Cracked SHS tennis courts to reopen soon

Two closed tennis courts at Sequim High School are set to reopen soon.

Randy Marihugh

Randy Marihugh

Two closed tennis courts at Sequim High School are set to reopen soon.

In September, a plywood board blocked off the entrance to the courts after large cracks across the courts were deemed unsafe to play on. Rather than pay for an overhaul that could cost tens of thousands of dollars, staff at the Sequim School District are opting to use a product made for tennis courts to patch long and deep cracks in the courts.

John McAndie, maintenance and operations supervisor, said the product expands in the cracks and takes time to cure.

Maintenance staff began working on the courts two weeks ago applying the green and red product. They’ve used a floor machine and sanding discs typically used on gym floors to even out the product.

McAndie said they’ve placed about $1,000 worth of product in the cracks, but some cracks are so large they’ll have to reapply materials and sand those spots again.

“We want to get them back in use and this is how we’re going to try,” he said.

The Sequim-Dungeness area hosts three public accessible courts at the school. Two courts at Sunland Country Club & Golf Course are available to Sunland residents. The school district allows the public to use their tennis and pickleball courts during school hours if students are not using the courts.

Because of a lack of space and daylight hours, Justine Wagner, Sequim High tennis team head coach, said she’s had to alter practices and home matches.

At home matches, junior varsity players haven’t been able to play either, Wagner said, and at practices there is space for only 12 of the 24 players to practice match scenarios so they focus on drills.

“They basically get to hit the ball one-third less each practice,” Wagner said.

Court discussions

Members of the Peninsula Tennis Club said they’ve discussed the tennis court issues for a number of years with the school district and City of Sequim.

Allison Hastings, past-president of the club, said they brought in a contractor in 2010 who estimated costs at $66,000 to repair the five school district courts – resurfacing the top three and placing new asphalt and materials on the bottom two.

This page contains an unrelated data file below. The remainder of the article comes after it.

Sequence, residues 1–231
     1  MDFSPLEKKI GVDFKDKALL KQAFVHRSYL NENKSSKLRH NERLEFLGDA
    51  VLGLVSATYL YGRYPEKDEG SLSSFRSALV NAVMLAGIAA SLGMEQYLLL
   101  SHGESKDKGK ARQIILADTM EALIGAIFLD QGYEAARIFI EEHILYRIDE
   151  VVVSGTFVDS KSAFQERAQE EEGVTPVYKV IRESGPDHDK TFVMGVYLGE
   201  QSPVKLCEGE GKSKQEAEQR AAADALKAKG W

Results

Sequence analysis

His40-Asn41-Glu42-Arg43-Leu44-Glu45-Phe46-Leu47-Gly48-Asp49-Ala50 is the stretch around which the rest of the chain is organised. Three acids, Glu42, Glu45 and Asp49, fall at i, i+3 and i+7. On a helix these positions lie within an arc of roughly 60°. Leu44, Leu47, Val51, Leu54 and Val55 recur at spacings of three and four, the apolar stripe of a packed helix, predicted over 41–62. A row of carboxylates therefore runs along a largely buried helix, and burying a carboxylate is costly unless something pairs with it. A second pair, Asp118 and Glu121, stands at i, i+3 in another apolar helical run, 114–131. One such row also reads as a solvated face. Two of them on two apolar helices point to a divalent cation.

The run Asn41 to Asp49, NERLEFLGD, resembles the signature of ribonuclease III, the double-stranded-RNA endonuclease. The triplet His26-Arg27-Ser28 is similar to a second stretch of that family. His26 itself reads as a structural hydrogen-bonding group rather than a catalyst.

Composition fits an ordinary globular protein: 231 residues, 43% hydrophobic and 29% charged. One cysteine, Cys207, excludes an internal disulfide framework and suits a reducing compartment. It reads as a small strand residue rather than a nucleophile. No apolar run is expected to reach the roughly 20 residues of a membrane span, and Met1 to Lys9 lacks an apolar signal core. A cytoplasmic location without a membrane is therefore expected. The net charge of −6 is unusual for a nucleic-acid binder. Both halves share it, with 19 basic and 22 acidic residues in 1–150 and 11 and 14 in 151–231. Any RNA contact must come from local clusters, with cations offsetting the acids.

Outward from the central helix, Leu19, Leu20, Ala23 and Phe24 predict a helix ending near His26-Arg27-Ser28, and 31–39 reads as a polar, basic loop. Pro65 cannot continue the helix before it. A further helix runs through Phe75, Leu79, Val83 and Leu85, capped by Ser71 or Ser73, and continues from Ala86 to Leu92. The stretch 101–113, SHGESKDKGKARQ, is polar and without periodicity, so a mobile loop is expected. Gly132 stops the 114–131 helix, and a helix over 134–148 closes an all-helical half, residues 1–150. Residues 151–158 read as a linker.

“We tried to raise (the money) but it got tricky,” she said.

“The school district has been very gracious but the idea was that if we give out this money there’s no guarantee we can use these courts with boys tennis in the fall, girls tennis in spring and with the P.E. classes.”

Peninsula Tennis Club member Peter Ignatjev said the club has offered a split financing plan for the courts to the city, schools and club, but to no avail so far.

Ignatjev and many of the 60-plus club members have been writing to Sequim City Councilors for support, he said.

However, officials with the city and schools maintain there are no short-term plans to build new courts.

Hastings said since she’s lived here the last 16 years the city has put in place long-term plans for tennis courts but not acted on them.

“We’ve been hearing about plans for years and years,” she said.

As tennis club president, Hastings said she approached the then-Sequim School District superintendent and Sequim City Manager and was told neither entity had enough money for courts.

She and many other tennis players advocated for “The Bubble,” an inflatable dome, in 2011, to go in place at the high school. The Sequim School Board, however, unanimously voted down the idea after hearing testimony from school staff about costs, esthetics, space and possible vandalism.

Hastings said a private donation of $200,000 would have paid to resurface/redo the courts but stipulated it must be for indoor courts.

Ignatjev said ideally tennis players would like four lighted tennis courts and four pickleball courts at Carrie Blake Park. He said funds are still available to help with such a project and that the offer is still on the table.

Representatives with the City of Sequim said any plans for tennis courts would come out of the soon-to-be updated City’s Parks Master Plan where they’ll prioritize projects.

Many projects within city limits such as the Sequim-Shiso Friendship Garden, the Guy Cole Convention Center and the Albert Haller Playfields have been pushed forward by community groups because the city doesn’t have dedicated funding for parks and recreation, city representatives said.

Sequim Schools Superintendent Kelly Shea said the school district doesn’t have money budgeted for the courts this year, but they were included in the failed proposed $154 million April bond.

Tennis courts, however, are not included in Shea’s preliminary bond proposal to the school board of $46 million.


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